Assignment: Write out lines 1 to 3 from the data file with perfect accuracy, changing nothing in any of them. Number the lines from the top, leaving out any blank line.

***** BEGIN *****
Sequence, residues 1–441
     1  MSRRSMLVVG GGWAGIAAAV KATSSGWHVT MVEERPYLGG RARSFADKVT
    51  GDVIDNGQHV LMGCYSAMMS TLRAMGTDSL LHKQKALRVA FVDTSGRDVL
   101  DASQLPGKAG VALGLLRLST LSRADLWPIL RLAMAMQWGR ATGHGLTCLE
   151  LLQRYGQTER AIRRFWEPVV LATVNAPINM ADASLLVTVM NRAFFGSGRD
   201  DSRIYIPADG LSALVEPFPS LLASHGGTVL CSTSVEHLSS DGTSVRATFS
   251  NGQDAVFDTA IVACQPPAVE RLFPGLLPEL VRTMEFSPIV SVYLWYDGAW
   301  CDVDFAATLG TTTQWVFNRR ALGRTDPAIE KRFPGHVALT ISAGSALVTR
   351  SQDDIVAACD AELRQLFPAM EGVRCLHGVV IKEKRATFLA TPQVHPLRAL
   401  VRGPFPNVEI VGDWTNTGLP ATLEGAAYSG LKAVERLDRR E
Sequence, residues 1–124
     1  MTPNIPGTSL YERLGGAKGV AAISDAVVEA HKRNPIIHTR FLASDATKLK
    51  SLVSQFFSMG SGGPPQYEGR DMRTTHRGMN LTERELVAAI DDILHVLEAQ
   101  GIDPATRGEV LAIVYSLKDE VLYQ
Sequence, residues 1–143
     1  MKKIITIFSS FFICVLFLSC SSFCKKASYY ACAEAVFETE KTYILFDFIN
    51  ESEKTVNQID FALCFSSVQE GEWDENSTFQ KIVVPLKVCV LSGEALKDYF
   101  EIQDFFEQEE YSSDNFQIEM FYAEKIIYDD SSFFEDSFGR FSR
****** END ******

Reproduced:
Sequence, residues 1–441
     1  MSRRSMLVVG GGWAGIAAAV KATSSGWHVT MVEERPYLGG RARSFADKVT
    51  GDVIDNGQHV LMGCYSAMMS TLRAMGTDSL LHKQKALRVA FVDTSGRDVL